U.S. conducts "successful" test of THAAD anti-missile system

A Terminal High Altitude Area Defense (THAAD) interceptor is launched from the Pacific Spaceport Complex Alaska during Flight Test THAAD (FTT)-18 in Kodiak, Alaska, on July 11, 2017.

Reuters

The U.S. successfully conducted a missile defense test Sunday using a Terminal High Altitude Area Defense (THAAD) anti-missile system in Alaska, the U.S. Missile Defense Agency (MDA) said in a statement.

The U.S. Air Force launched a medium-range ballistic missile over the Pacific Ocean, and the THAAD system -- in Kodiak, Alaska -- "detected, tracked and intercepted the target," according to the MDA's statement.

Sunday's test marked the 15th successful intercept out of 15 THAAD tests, and it was carried out to collect "threat data" from an interceptor, the MDA said.

The data collected will improve the Missile Defense Agency's "ability to stay ahead of the evolving threat," MDA Director Lt. Gen. Sam Greaves said in the agency's statement.

The THAAD test follows North Korea's second test-launch of an intercontinental ballistic missile (ICBM), which took place late Friday night. North Korea's first ICBM test was conducted on July 4 -- a launch that former U.S. ambassador to the United Nations, Bill Richardson, described to CBS News as a "game changer" because Kim Jong Un is "basically saying to President Trump 'come at me.'"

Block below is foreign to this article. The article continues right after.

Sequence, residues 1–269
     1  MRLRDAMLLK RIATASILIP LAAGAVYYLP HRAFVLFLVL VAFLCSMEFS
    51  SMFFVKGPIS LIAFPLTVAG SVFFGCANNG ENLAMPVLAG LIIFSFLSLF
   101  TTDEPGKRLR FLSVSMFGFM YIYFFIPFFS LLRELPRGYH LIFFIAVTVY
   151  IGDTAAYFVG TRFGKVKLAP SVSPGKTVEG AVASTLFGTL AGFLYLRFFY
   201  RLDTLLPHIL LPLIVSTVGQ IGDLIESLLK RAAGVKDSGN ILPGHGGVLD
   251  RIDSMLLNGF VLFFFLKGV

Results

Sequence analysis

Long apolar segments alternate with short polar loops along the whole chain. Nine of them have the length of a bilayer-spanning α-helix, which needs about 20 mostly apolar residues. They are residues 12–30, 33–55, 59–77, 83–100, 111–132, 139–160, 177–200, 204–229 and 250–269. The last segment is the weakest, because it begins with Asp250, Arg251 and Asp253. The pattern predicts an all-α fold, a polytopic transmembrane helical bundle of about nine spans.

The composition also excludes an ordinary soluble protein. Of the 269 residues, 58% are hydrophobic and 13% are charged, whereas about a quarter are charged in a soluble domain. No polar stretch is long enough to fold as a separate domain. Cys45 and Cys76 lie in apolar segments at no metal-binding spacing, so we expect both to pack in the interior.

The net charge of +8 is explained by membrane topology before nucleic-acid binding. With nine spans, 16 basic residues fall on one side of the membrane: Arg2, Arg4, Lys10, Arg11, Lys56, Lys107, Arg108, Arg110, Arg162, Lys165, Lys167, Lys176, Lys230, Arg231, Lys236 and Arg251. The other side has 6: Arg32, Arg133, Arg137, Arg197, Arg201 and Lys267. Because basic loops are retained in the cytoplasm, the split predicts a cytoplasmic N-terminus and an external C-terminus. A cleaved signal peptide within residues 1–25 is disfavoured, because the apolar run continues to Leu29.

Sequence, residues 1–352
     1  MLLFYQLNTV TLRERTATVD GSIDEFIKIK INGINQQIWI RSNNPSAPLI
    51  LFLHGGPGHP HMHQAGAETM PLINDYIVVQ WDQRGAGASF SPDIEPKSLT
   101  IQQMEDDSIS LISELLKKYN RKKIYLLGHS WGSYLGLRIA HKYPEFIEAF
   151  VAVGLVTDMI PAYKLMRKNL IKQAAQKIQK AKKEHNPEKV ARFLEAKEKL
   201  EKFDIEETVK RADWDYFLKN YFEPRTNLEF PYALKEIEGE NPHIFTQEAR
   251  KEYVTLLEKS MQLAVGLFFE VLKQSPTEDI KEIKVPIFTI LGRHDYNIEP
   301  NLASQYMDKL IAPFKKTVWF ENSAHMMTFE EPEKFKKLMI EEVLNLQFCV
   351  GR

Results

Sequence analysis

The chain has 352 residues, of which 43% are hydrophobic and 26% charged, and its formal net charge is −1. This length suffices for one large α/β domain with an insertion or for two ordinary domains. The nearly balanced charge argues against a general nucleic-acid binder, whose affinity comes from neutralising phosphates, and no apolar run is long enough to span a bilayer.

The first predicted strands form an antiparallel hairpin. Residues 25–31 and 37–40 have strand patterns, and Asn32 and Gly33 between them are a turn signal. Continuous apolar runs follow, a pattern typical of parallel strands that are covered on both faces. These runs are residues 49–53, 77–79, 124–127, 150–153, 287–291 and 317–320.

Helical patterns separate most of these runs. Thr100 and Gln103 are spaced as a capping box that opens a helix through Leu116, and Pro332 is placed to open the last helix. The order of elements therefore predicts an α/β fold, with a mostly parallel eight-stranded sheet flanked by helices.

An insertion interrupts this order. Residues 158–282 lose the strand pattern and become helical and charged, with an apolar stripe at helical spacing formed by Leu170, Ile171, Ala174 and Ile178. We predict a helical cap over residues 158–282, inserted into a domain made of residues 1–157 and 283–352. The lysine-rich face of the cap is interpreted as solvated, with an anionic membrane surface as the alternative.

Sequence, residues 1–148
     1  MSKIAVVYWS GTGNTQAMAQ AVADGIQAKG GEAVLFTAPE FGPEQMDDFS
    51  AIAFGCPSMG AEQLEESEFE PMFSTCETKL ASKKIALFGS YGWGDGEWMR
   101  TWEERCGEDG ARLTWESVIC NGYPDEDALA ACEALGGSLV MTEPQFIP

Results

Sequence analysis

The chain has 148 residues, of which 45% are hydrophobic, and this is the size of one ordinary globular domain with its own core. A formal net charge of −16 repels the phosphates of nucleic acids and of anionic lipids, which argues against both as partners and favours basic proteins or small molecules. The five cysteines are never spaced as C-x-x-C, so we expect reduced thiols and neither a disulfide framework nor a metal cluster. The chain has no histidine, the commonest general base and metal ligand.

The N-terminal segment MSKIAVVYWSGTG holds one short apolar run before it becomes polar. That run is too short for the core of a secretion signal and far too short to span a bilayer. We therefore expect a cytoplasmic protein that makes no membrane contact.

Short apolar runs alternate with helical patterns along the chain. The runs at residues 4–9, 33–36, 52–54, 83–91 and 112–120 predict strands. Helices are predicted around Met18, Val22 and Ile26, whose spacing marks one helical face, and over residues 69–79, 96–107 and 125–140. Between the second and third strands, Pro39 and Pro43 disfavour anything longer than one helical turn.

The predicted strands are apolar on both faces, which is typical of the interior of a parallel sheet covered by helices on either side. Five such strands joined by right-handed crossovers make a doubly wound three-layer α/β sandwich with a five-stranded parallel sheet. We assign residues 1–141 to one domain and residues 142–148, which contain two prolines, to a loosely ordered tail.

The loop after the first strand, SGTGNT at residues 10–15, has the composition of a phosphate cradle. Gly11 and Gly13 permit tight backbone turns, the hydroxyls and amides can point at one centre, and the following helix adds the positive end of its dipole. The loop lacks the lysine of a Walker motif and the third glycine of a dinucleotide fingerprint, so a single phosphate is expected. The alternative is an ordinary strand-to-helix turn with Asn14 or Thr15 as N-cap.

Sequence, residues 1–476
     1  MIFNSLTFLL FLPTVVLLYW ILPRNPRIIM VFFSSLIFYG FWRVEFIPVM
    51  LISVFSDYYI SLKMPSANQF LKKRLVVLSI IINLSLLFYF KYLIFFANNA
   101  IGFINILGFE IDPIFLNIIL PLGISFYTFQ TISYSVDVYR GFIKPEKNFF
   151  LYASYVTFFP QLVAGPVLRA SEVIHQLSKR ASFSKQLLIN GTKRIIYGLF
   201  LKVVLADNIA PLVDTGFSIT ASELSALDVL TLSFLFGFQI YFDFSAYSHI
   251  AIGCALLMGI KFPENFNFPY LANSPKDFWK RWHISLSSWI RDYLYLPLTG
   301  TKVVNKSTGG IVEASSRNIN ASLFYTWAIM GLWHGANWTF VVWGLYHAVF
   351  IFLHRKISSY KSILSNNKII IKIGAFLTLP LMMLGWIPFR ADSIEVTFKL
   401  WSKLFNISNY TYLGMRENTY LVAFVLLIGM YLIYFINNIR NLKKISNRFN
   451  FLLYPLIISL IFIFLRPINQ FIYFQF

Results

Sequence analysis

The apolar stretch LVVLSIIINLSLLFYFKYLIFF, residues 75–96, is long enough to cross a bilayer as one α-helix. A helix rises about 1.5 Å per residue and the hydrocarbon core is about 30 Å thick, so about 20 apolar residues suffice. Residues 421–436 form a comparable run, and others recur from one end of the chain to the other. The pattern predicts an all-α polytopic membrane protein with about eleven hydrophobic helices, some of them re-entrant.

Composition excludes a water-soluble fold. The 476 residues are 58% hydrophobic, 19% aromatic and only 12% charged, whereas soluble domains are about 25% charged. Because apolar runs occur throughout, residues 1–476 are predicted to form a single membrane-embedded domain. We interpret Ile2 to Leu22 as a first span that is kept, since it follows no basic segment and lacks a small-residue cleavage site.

In direct response to both launches, two U.S. Air Force B-1 bombers flew over the Korean Peninsula over the weekend. The mission was "in response to North Korea's ballistic missile and nuclear programs," and "part of the continuing demonstration of ironclad U.S. commitment to our allies," U.S. Pacific Air Forces said in a statement.

"North Korea remains the most urgent threat to regional stability," Gen. Terrence J. O'Shaughnessy, Pacific Air Forces commander, said in the statement. "Diplomacy remains the lead; however, we have a responsibility to our allies and our nation to showcase our unwavering commitment while planning for the worst-case scenario."

"If called upon, we are ready to respond with rapid, lethal, and overwhelming force at a time and place of our choosing," he added.

Earlier this year, the U.S. installed a THAAD system in South Korea. It is now operating and can defend against North Korean missiles, the U.S. military said in May.

The THAAD weapons system is strictly for defensive measures and uses "hit-to-kill technology" to destroy targets, the MDA said.